The revolutionary movement which began in 1787 disrupted every aspect of French society, rising to a pitch of such extreme violence that the effects are still felt in France today. The Revolution was the product of social tensions that developed throughout France in the second half of the eighteenth century. Norman Hampson analyses the nature of these social conflicts within their political framework.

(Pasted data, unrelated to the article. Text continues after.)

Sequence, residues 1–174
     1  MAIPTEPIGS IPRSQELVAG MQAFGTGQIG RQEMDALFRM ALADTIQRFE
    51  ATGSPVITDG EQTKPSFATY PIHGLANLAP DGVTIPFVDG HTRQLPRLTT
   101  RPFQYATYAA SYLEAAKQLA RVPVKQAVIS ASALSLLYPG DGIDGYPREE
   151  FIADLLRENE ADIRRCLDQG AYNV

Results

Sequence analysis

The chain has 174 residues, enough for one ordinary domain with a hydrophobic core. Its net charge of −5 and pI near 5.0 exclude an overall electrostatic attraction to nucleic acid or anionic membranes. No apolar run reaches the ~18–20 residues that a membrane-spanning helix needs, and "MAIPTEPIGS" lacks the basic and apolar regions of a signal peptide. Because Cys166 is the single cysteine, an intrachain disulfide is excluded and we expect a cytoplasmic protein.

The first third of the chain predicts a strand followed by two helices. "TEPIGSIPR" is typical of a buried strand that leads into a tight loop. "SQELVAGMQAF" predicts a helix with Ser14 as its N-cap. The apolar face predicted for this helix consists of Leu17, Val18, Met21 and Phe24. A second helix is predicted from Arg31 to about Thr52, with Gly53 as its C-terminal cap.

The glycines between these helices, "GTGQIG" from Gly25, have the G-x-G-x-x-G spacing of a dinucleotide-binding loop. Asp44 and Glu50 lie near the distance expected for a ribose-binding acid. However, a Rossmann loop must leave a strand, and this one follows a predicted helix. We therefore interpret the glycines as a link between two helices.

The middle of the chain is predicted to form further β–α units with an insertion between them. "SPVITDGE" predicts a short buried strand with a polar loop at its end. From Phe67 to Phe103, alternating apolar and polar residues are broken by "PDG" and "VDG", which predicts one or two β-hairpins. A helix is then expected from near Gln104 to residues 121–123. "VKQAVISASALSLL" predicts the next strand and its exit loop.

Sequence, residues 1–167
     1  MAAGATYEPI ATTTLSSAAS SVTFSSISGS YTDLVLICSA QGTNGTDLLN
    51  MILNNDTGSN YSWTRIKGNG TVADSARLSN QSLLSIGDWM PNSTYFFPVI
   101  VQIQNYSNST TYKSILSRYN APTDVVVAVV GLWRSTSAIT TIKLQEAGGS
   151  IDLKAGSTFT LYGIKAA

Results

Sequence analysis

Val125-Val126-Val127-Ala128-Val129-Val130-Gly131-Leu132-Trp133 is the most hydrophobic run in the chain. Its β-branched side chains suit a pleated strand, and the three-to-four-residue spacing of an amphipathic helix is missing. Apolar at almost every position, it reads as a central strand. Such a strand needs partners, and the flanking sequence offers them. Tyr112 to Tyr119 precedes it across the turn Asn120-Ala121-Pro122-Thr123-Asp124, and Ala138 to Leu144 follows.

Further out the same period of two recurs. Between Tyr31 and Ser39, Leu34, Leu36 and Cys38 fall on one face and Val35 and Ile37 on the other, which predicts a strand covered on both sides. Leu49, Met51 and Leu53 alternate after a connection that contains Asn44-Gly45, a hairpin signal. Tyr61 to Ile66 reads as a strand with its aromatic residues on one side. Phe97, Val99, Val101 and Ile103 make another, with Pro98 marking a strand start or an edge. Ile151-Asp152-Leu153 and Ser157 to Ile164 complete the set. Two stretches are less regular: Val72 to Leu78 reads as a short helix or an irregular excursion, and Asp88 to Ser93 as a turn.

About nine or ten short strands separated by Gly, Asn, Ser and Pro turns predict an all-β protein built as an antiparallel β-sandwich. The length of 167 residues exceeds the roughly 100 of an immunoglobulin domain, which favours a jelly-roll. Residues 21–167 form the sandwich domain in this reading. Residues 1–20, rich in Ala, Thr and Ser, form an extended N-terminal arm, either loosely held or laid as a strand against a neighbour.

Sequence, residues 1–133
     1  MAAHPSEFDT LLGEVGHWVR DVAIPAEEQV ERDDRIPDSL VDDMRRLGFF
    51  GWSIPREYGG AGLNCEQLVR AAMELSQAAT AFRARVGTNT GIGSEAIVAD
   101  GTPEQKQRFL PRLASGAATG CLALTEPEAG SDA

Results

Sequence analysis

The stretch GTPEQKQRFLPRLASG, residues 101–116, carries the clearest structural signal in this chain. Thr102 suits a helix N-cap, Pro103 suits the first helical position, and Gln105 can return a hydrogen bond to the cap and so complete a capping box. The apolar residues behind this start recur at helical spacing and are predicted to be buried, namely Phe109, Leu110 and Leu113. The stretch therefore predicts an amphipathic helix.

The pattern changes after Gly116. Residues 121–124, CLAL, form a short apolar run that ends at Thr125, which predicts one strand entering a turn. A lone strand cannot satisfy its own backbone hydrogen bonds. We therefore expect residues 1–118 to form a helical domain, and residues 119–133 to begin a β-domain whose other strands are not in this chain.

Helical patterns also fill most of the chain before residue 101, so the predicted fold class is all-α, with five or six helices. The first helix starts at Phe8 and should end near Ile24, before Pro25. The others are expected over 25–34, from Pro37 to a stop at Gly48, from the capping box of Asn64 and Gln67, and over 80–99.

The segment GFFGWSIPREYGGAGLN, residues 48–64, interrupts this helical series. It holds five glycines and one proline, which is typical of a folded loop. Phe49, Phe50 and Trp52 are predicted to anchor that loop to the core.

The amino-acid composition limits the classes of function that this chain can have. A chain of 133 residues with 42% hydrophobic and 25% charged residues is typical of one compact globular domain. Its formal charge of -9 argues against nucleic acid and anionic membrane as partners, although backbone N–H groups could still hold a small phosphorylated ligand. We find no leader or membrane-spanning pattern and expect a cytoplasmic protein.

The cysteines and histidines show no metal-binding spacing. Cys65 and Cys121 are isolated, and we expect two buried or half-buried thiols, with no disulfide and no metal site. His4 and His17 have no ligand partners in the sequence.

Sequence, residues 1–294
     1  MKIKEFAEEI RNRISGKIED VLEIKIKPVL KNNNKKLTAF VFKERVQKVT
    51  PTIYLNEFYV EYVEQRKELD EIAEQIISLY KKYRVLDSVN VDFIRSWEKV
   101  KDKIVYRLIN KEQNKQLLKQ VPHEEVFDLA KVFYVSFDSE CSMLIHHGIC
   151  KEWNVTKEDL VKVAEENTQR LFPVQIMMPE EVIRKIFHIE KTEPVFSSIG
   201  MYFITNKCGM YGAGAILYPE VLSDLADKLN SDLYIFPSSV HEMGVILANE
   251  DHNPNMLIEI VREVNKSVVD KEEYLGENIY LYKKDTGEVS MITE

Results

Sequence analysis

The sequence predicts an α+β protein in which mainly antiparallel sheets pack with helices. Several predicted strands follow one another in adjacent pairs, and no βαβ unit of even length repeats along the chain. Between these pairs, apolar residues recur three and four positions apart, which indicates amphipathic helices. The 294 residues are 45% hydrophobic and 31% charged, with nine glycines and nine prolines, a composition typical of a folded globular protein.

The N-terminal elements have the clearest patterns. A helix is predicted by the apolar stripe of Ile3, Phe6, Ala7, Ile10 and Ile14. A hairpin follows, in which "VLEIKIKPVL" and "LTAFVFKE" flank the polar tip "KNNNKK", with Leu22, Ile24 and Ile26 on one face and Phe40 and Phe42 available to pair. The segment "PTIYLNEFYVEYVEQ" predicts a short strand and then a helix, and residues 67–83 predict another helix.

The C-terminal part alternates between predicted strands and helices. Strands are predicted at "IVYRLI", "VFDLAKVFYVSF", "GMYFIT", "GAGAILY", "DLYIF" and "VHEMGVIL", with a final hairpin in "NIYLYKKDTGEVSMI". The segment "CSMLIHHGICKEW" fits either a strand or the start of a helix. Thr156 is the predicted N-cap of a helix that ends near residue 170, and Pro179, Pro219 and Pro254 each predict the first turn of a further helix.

With enough background information to satisfy the general reader with no previous knowledge of the subject, Norman Ha mpson's book devotes particular attention to provincial France. The result is both a picture of the supreme crisis in French society, and an examination of social attitudes and aspirations whose influence has been universal and enduring.
'Clear and marvellously concise … the most accurate, most thorough and most measured account of the revolutionary crisis.' - Times Literary Supplement